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Under which conditions does religion affect educational outcomes?

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Author Info

  • Boppart, Timo
  • Falkinger, Josef
  • Grossmann, Volker
  • Woitek, Ulrich
  • Wüthrich, Gabriela

Abstract

This paper examines under which conditions religious denomination affects public spending on schooling and educational performance. We employ a unique data set which covers, inter alia, information on numerous measures of public school inputs in 169 Swiss districts for the years 1871/72, 1881/82 and 1894/95, marks from pedagogical examinations of conscripts (1875–1903), and results from political referenda to capture conservative or progressive values. Although Catholic districts show on average significantly lower educational performance and spend less on primary schooling than Protestant districts, Catholicism is harmful only in a conservative milieu. We also exploit information on absenteeism of pupils from school to separate provision of schooling from use of schooling.

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Bibliographic Info

Article provided by Elsevier in its journal Explorations in Economic History.

Volume (Year): 50 (2013)
Issue (Month): 2 ()
Pages: 242-266

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Handle: RePEc:eee:exehis:v:50:y:2013:i:2:p:242-266

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Web page: http://www.elsevier.com/locate/inca/622830

Related research

Keywords: Catholicism; Human capital; Political attitudes; Public education; Religious denomination;

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References

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  1. Eric A. Hanushek, 2002. "Publicly Provided Education," NBER Working Papers 8799, National Bureau of Economic Research, Inc.
  2. Becker, Sascha & Woessmann, Ludger, 2010. "The Effect of Protestantism on Education before the Industrialization: Evidence from 1816 Prussia," Stirling Economics Discussion Papers 2010-01, University of Stirling, Division of Economics.
  3. Benito Arruñada, 2010. "Protestants and Catholics: Similar Work Ethic, Different Social Ethic," Economic Journal, Royal Economic Society, vol. 120(547), pages 890-918, 09.
  4. Doepke, Matthias & Zilibotti, Fabrizio, 2007. "Occupational Choice and the Spirit of Capitalism," IZA Discussion Papers 2949, Institute for the Study of Labor (IZA).
  5. Edward P. Lazear, 1999. "Educational Production," NBER Working Papers 7349, National Bureau of Economic Research, Inc.
  6. Hanushek, Eric A & Rivkin, Steven G & Taylor, Lori L, 1996. "Aggregation and the Estimated Effects of School Resources," The Review of Economics and Statistics, MIT Press, vol. 78(4), pages 611-27, November.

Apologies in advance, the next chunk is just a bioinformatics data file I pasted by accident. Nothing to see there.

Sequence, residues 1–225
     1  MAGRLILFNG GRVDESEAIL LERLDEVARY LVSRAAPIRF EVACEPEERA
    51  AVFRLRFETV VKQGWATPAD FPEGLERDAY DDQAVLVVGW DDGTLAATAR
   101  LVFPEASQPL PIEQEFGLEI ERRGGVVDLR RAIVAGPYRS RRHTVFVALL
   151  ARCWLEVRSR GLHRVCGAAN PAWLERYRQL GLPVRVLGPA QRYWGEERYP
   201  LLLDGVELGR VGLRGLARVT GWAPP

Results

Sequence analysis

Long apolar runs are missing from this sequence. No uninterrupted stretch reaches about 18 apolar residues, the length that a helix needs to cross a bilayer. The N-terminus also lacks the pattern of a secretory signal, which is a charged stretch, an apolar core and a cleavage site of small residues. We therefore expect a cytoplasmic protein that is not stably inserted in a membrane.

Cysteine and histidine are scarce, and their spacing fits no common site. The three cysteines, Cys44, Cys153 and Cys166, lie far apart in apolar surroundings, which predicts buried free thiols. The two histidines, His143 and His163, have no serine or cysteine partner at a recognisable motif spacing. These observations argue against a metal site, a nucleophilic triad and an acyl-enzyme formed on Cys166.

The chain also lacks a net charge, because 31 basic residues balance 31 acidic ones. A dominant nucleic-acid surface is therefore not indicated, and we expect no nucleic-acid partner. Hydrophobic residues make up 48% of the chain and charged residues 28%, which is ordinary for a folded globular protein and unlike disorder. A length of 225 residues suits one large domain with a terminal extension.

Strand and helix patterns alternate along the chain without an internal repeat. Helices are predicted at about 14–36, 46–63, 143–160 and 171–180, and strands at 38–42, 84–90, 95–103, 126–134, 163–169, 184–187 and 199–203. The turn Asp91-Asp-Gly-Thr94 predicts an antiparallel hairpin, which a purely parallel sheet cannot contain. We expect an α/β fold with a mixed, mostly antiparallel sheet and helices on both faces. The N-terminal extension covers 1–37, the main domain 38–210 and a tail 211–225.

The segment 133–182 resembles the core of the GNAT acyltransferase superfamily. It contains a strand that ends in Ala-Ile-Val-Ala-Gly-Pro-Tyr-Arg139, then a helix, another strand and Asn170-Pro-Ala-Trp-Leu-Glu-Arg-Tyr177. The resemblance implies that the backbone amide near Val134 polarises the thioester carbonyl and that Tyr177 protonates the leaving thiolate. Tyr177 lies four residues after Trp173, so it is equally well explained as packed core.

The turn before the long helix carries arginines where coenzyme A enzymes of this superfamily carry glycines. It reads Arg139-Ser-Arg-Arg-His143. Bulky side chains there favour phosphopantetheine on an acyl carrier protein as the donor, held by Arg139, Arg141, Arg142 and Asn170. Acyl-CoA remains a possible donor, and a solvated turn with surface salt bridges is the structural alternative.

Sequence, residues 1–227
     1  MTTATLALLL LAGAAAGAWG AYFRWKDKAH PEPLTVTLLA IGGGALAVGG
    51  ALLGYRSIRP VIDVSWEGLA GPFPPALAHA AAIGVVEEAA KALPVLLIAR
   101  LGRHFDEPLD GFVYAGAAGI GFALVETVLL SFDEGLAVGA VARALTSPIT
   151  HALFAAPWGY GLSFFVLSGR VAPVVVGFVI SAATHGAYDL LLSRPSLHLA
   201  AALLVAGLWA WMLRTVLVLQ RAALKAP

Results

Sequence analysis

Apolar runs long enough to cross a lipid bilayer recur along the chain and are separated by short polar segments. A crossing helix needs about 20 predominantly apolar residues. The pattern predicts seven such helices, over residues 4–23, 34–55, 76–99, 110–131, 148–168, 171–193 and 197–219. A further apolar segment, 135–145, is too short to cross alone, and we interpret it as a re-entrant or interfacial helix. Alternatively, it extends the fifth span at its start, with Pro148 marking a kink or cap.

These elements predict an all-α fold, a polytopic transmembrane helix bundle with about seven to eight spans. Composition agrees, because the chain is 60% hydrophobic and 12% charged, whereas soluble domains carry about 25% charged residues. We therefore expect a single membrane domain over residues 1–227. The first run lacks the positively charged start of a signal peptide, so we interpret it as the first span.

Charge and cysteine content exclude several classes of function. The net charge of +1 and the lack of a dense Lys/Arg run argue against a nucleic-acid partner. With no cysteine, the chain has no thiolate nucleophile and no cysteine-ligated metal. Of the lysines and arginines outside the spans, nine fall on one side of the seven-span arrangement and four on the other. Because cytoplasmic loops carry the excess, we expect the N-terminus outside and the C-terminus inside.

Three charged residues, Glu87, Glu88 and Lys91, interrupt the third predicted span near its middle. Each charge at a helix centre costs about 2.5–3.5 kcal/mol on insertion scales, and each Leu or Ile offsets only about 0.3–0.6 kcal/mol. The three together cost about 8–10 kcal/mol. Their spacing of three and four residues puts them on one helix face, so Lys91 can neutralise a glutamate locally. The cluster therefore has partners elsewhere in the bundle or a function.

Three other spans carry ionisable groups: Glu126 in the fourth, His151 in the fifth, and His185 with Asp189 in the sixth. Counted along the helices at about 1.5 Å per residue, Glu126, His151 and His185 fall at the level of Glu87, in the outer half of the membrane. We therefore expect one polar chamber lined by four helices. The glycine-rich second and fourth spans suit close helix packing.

7. Becker, Sascha O. & Woessmann, Ludger, 2008. "Luther and the Girls: Religious Denomination and the Female Education Gap in 19th Century Prussia," IZA Discussion Papers 3837, Institute for the Study of Labor (IZA).
  8. Schaltegger, Christoph A. & Torgler, Benno, 2010. "Work ethic, Protestantism, and human capital," Economics Letters, Elsevier, vol. 107(2), pages 99-101, May.
  9. Becker, Sascha O. & Wößmann, Ludger, 2009. "Was Weber Wrong? A Human Capital Theory of Protestant Economic History," Munich Reprints in Economics 20255, University of Munich, Department of Economics.
  10. Jacob Mincer, 1958. "Investment in Human Capital and Personal Income Distribution," Journal of Political Economy, University of Chicago Press, vol. 66, pages 281.
  11. Hanushek, Eric A, 1986. "The Economics of Schooling: Production and Efficiency in Public Schools," Journal of Economic Literature, American Economic Association, vol. 24(3), pages 1141-77, September.
  12. Laurence R. Iannaccone, 1998. "Introduction to the Economics of Religion," Journal of Economic Literature, American Economic Association, vol. 36(3), pages 1465-1495, September.
  13. Laurence R. Iannaccone, 1998. "Corrigenda [Introduction to the Economics of Religion]," Journal of Economic Literature, American Economic Association, vol. 36(4), pages 1941-1941, December.
  14. Eric A. Hanushek, 1996. "Measuring Investment in Education," Journal of Economic Perspectives, American Economic Association, vol. 10(4), pages 9-30, Fall.
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Citations

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Cited by:
  1. Boppart, Timo & Falkinger, Josef & Grossmann, Volker, 2011. "Protestantism and Education: Reading (the Bible) and Other Skills," Annual Conference 2011 (Frankfurt, Main): The Order of the World Economy - Lessons from the Crisis 48732, Verein für Socialpolitik / German Economic Association.
  2. Rubin, Jared, 2011. "Printing and Protestants: reforming the economics of the Reformation," MPRA Paper 31267, University Library of Munich, Germany.

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